Thursday, January 31, 2008
Yesterday I was mulling over my recent activities and asked myself "But is it knitting?" Which lead to an examination of what I consider "knitting". I realized that perhaps my personal definition of knitting was narrow, possibly too narrow. For many years, my definition of knitting has been restricted to knitting a clearly identifiable object such as socks, sweaters, etc.
Swatching didn’t count because it wasn’t an actual object to me; nothing useful, just a swatch. Still, while swatching I am engaged in the act of knitting. It provides me with the same tactile and calming experience I get as knitting a sweater. I can experiment with different size needles and play with stitch patterns if I want to without disrupting the shape. After all, it is only a swatch and there is not right or wrong place on a swatch to try something new. I am more likely while swatching to ask what happens if I change this and do it than when knitting an object. Although, the exception might be socks, which I frequently cast on without a clear idea of the final design.
So what about recalculating a pattern for a different gauge? Or writing an original pattern? Are these knitting? I suppose in a technical sense these aren’t knitting because they don’t necessarily involve sticks and string. The more I pondered this I came to realize that these are “knitting” in the broadest sense of what knitting comprises. I’m employing my knowledge of garment construction, fit and behavior of knitted fabric, all acquired through many years of knitting and tweaking patterns. I am imagining the outcome of such changes just as I imagine the outcome when faithfully following a pattern. I am knitting the item in my head. I am experiencing the satisfaction of problem solving; bring an idea to life by using acquired knowledge directly related to knitting. It is only missing the tactile qualities I so enjoy.
If I can’t imagine that sweater and work out how to construct it, I won’t enjoy the actual knitting—I also can’t enjoy the feel of yarn in my hands, the clacking of needles or the quiet state of mind I get when I actually knit.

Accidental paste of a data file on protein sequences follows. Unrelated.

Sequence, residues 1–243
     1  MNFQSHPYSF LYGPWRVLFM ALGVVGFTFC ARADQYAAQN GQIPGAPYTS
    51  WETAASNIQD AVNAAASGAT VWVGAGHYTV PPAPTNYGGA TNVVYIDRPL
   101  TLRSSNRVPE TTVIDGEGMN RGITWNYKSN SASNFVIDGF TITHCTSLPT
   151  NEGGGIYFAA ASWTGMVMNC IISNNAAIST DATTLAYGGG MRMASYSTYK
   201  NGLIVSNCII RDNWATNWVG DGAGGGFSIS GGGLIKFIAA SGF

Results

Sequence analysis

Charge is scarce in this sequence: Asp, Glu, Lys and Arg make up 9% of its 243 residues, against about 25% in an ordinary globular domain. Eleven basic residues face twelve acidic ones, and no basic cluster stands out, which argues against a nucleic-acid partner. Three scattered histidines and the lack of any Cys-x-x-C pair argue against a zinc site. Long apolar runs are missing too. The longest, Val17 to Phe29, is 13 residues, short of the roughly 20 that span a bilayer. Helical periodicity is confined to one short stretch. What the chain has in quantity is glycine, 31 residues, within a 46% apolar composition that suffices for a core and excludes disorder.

So for now on, when I think about whether or not I’ve been knitting, I will consider all of the aspects of that thing called knitting.
Tuesday, January 29, 2008
Yes, I'm lifting the format from Brooklyn Tweed. I followed the pattern as written since the construction is a bit unusual. If I were to knit this again, I would make the collar about 3/4" shorter. This is a relatively easy pattern, using make 1 increases and k2tog and ssk decreases to provide the shaping. The center front and back rib panels are knit as one piece. You pick up stitches along each side for the sides and sleeves. It only has two seams. This is the first Norah Gaughan I've knitted and I love how clever this is.
In addition to finishing the sweater, I started teaching my daughter to sew. We picked out fabric for a pencil skirt at Piedmont Fabric. I came home and got an old friend out of the closet.
My Bernina, which has not seen the light of day in about two years. Which is somewhat surprising because I used to make most of my clothes. Before we started the sewing lesson, I got my fabric stash out (it's quite small and fits in a large storage bin, which was not the case years ago). We looked at the stashed fabric and my daughter claimed several pieces for herself, which is fine because someone should use it. I got out some fat quarters for her to practice sewing seams on. Then we moved on to the pattern stash, which sadly is very small compared to the stash I had before my divorce. The best find in the patterns was a discontinued Vogue pattern by Issey Miyake for a raincoat. I don't think the sewing machine is going back in the closet for a long time because I want to sew!
Friday, January 25, 2008
I cast on and started knitting my red beret as soon as the yarn had dried. Only thing is I didn't like it as a red beret--a project that went straight to the frog pond.
Friday, January 18, 2008
This is what the sleeve and side look like laid flat plus a close up of the sleeve ribbing.
Oh, and I've been spinning. This is the targhee I bought in September. It was a dream to spin. The fiber was ultra clean and drafted easily. I loved the way this felt in my hands. Little fluffy clouds of softness. I had 6 oz. so I spun up three bobbins of singles and then made a 3-ply yarn, which yielded approximately 210 yards. I had some left on two bobbins and made that up as 2-ply, giving me approximately 80 yards. I would really like to spin more of this fiber. Not that I need to add any more fiber to the stash!